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Intro Characters like Encanto

The opening scene of Encanto introduces -- by my count -- 14 characters in under five minutes. And they do so while mixing English names with Spanish titles (abuela, tia, primo, etc.). That's a lot to keep track of!


And yet, the writers pull it off. Let's take a look:

How do they do this? And what writing lessons can we pull for our own stories?


Well, buckle up. Time for a deep dive into a Disney song.


Use Your Surroundings

Who's the first character introduced?


Kind of a trick question, but it happens in the first two seconds. Mirabel rushes down the stairs, greets the portrait on the wall. Morning, Abuelo!


The framed photo (plus the greeting) quickly implies her abuelo (grandpa) has passed away. Because he looks young in the photo, this is a clue that he passed away a long time ago.


More on this later, but the introduction of Abuelo also communicates traits about the main character, Mirabel, who hasn't even been named yet.


Using your surroundings "shows" the audience/reader rather than "tells." For example, compare these two options. One where an author explains something about Mirabel to the reader:


Mirabel loves her family. She cares about her family's history and takes time to honor those who came before her.


Versus an option where the author uses their surroundings to show the same idea:


Mirabel rushes down the stairs in the morning. "Morning, Abuelo!" she shouts as she passes a framed photo of her grandpa. In the photo, Abuelo looks only about ten years older than Mirabel.


The second one keeps the story moving and reads with a sense of action vs. sharing information.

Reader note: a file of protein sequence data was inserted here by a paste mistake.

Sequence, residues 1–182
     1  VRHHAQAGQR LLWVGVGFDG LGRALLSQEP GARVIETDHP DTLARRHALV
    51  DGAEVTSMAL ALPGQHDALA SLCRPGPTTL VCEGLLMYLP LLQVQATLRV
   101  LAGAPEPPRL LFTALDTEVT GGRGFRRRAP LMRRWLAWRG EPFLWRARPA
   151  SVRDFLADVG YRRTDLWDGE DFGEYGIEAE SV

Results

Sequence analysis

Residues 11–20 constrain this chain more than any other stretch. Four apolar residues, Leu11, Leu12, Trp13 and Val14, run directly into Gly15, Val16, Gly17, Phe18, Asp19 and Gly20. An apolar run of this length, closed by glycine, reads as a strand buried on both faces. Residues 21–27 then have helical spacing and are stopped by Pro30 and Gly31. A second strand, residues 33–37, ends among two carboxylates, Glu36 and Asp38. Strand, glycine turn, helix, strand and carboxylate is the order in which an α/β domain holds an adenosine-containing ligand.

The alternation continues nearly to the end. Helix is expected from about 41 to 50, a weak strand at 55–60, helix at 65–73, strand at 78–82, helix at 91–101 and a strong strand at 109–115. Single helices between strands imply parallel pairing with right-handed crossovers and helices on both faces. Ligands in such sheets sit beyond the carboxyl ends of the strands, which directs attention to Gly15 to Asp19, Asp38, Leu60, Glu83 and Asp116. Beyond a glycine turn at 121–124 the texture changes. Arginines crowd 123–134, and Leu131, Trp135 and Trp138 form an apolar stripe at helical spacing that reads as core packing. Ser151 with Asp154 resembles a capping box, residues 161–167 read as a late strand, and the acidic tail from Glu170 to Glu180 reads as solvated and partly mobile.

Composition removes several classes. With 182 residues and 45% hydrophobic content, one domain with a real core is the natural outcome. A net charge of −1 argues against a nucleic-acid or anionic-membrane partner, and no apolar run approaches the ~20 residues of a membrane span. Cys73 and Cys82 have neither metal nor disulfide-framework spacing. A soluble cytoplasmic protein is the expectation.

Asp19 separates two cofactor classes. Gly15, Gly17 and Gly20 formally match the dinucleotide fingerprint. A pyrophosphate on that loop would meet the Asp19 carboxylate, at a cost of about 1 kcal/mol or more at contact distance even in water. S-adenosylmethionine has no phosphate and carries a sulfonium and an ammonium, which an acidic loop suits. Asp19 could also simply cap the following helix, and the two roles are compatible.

The House and the Town are Also Characters


The house is a living character in Encanto. This won't be the case in most stories, but it's a good way to think about your main character's house/apartment. These are questions to ask when writing:

  • What does each room look like?

  • What types of photos/items are hanging on the walls?

  • Does your main character have a favorite spot?

One of the best pieces of writing advice I've ever received came from Heather Sellers. She taught an entire creative writing class based on "Town," an idea of starting a story with your location before even having characters or a plot. Build the town first and then see what stories emerge.


Encanto does a great job of this. The Madrigals aren't isolated from their town. For those who've seen the movie, the townspeople show up in a big way at the end.


One Memorable Trait (or quirk)


Movies and shows have the advantage of showing what characters look like. Book authors don't have the same luxury.


Because of this, one thing that often happens for authors is we'll introduce characters with physical descriptions. He's tall. She has blonde hair. He has a crew cut and broad shoulders. She has blue eyes, a sharp nose, and a big smile.


The problem is, these details aren't that interesting or noteworthy about a character. The reader will have a hard time storing this information, especially once multiple characters are introduced. It's like if you're interviewing a ton of people and all the resumes look the same, and all the people dressed the same, it starts to blur together.


Now, just like most books won't have a living, active house in their story, they also probably won't have a character whose mood affects the weather... But again, we can pluck a concept away from this, even if we have more "regular" characters.


Back to the interview example, when someone says: I took off a year and lived in Japan. Or I'm a black belt in taekwondo. Or I was a varsity Quidditch player in college. Suddenly they stand out from the blurry resume pile. The brain's like, "Oh, that's cool." Now they've gone from, "Wait, who's that again?" to a memorable person.


Same thing applies to your characters. Height, weight, haircuts, those all become a blur for the reader. But things like:

  • Deathly afraid of riding escalators

  • Loves cherry tomatoes but hates any other tomato

  • For some reason cringes every time they hear the word "yeast"